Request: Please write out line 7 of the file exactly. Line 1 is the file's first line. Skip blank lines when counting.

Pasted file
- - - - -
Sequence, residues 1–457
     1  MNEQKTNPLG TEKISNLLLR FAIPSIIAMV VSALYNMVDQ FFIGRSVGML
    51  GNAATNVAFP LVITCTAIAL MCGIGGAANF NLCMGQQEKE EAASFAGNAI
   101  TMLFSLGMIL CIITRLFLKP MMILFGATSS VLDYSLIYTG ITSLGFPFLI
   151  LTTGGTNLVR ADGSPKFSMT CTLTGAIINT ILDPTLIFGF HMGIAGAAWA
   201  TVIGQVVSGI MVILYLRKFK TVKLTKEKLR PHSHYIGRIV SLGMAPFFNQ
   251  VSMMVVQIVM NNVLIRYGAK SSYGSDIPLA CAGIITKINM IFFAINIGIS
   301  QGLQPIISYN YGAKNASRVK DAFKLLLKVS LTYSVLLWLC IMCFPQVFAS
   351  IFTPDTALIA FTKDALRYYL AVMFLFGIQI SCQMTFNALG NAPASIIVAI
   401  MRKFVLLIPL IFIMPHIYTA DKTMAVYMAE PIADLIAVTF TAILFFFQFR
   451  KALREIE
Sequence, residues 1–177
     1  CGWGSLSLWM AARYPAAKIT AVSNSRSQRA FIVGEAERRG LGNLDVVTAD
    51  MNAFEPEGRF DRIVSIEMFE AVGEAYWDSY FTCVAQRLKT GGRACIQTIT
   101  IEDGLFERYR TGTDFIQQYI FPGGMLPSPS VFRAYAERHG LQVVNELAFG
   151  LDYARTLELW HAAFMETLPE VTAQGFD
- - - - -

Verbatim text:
   251  VSMMVVQIVM NNVLIRYGAK SSYGSDIPLA CAGIITKINM IFFAINIGIS